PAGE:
What really happens to your body when you drink to excess, and when you should be concerned.
Medically reviewed by Dr Roger Henderson and words by Rhalou Allerhand
Ended up with your head down the toilet after a heavy night out on the town? We’ve all been there. Even if you didn’t hit the tequilas, a few too many shandies can lead to an upset stomach. But why does alcohol often leave us praying to the porcelain gods and what are the health consequences of boozy excess?
We speak to Professor Michael Heneghan, Consultant Hepatologist from The London Liver Centre at London Bridge Hospital, about the reason alcohol causes you to vomit, and when you should be concerned:
⚠️ But first a word of caution: vomiting after drinking should be taken seriously as it can indicate you have alcohol poisoning. If you suspect you or someone you know has alcohol poisoning, seek urgent medical assistance.
Why does alcohol make you vomit?
Alcohol is essentially a toxin, and so it can easily upset your stomach and cause you to vomit, particularly if you consume too much.
‘Alcohol is not just toxic to the liver in isolation but, is also toxic to the gastrointestinal tract,’ explains Professor Heneghan.
‘Alcohol ingestion can result in inflammation and ulceration of the lining of the oesophagus and stomach. Patients will present with pain, irritation of the lining of the stomach, pain on eating, heartburn and then vomit.’
The signs of alcohol poisoning
If you consume a large quantity of alcohol over a short period of time, this can make you susceptible to alcohol poisoning.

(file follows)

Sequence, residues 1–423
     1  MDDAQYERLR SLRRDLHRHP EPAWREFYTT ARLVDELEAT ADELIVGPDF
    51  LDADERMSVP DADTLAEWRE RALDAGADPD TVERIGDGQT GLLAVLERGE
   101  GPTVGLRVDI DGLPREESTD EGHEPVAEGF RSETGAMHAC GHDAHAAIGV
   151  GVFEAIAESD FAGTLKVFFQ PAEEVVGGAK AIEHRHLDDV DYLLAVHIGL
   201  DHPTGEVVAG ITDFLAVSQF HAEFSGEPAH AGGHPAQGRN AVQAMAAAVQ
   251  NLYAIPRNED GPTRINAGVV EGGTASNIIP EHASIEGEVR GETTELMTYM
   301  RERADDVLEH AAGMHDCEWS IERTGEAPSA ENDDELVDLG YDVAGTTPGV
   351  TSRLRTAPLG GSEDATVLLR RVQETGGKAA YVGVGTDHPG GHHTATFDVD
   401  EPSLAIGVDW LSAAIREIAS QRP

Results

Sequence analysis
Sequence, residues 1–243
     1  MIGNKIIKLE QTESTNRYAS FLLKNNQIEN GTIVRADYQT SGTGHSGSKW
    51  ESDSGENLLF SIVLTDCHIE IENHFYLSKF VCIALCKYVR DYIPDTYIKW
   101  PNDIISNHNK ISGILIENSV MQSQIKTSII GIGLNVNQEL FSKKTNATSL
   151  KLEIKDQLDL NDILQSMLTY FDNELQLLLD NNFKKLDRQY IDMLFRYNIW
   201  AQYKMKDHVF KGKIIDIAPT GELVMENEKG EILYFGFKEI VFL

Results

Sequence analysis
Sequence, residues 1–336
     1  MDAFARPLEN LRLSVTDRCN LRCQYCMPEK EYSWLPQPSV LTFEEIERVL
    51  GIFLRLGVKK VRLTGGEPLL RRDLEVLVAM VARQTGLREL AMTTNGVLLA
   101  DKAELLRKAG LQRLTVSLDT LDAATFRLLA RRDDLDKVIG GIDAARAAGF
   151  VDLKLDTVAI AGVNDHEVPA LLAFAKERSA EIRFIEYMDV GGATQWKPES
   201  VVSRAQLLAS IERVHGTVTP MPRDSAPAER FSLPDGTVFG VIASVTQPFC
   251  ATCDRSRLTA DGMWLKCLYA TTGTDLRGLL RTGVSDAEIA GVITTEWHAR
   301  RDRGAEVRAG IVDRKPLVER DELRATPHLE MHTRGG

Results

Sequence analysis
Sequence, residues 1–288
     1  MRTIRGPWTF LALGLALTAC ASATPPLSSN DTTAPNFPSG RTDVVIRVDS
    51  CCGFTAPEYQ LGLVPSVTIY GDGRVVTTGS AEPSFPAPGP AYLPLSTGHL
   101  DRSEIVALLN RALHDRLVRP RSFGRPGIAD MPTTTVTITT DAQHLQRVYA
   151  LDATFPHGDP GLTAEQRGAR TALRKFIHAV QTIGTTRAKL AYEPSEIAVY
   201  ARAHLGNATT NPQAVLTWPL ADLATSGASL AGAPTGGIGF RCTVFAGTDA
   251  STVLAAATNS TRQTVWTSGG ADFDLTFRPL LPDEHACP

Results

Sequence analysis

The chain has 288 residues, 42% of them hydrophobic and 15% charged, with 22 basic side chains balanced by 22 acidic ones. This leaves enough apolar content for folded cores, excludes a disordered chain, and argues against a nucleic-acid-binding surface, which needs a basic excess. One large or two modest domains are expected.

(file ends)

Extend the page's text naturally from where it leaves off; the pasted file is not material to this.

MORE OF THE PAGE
In severe cases, alcohol poisoning can lead to coma, brain damage and even death. If you or someone close to you experiences any of the following symptoms, seek emergency medical assistance:
- Loss of co-ordination
- Slow or irregular breathing
- Stupor or unconsciousness
- Hypothermia – pale of blue-tinged skin caused by low body temperature
But how can you tell the difference between being blind drunk and suffering from alcohol poisoning?
‘Severe alcohol poisoning results in serious confusion, can cause temperatures to be elevated, can increase the heart rate and is something of a medical emergency,’ explains Professor Heneghan. ‘With severe alcohol poisoning, the ability to breathe can also be affected with gaps as long as 10 seconds or more between each breath.’
‘With respiratory depression, patients become blue, drop their oxygen levels in their blood and are more likely to aspirate or choke on their own vomit,’ he adds.
⚠️ If you suspect someone has alcohol poisoning, dial 999 immediately for an ambulance.
How to sober up
Contrary to popular belief, throwing up, drinking coffee, taking a cold shower, attempting to walk it off and deliberately vomiting will NOT sober you up. The absorption of alcohol into the blood stream is extremely fast and many of these urban myths can actually do more harm than good.
According to Drinkaware, if someone is showing the signs of alcohol poisoning, you should do the following:
✔️ Keep them awake and sitting up.
✔️ Give them regular small sips of water, if they can drink it.
✔️ Lie them on their side in the recovery position if they’ve passed out, and check they’re breathing properly.
✔️ Keep them warm.
✔️ Stay with them and monitor their symptoms.
✔️ If they’re not getting any better, dial 999 for an ambulance.
How many units do you drink?
If you regularly vomit after a night on the tiles, it is worth checking your units and ensuring you stay within the recommended weekly limit.
‘It is very important for all individuals to understand their units,’ says Professor Heneghan. ‘For men and women, 14 units of alcohol per week is the recommended alcohol intake. This equates to 14 units of spirits, or 14 small glasses of wine ideally divided over the week rather than drunk at any one sitting. ‘
Help and support with alcohol abuse
If you have any concerns about your drinking, for additional help and support try one of the following resources:
- For alcohol addiction services in your area visit UK
- Visit co.ukfor a unit calculator and alcohol advice.
- Drinkline is the national alcohol helpline. Call 0300 123 1110.
- Alcoholics Anonymous (AA)is a free self-help group.